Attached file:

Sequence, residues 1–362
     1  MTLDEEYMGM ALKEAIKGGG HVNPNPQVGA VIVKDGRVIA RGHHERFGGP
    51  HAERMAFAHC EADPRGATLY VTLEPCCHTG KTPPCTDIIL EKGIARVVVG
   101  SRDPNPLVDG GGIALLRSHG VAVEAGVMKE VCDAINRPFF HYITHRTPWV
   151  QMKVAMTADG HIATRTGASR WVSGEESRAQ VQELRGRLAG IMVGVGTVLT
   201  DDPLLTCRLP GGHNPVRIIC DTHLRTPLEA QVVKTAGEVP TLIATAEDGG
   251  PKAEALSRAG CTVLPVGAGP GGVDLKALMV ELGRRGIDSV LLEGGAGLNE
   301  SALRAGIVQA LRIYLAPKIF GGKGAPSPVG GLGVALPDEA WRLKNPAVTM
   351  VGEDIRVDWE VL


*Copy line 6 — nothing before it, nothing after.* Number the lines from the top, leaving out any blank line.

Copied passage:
   201  DDPLLTCRLP GGHNPVRIIC DTHLRTPLEA QVVKTAGEVP TLIATAEDGG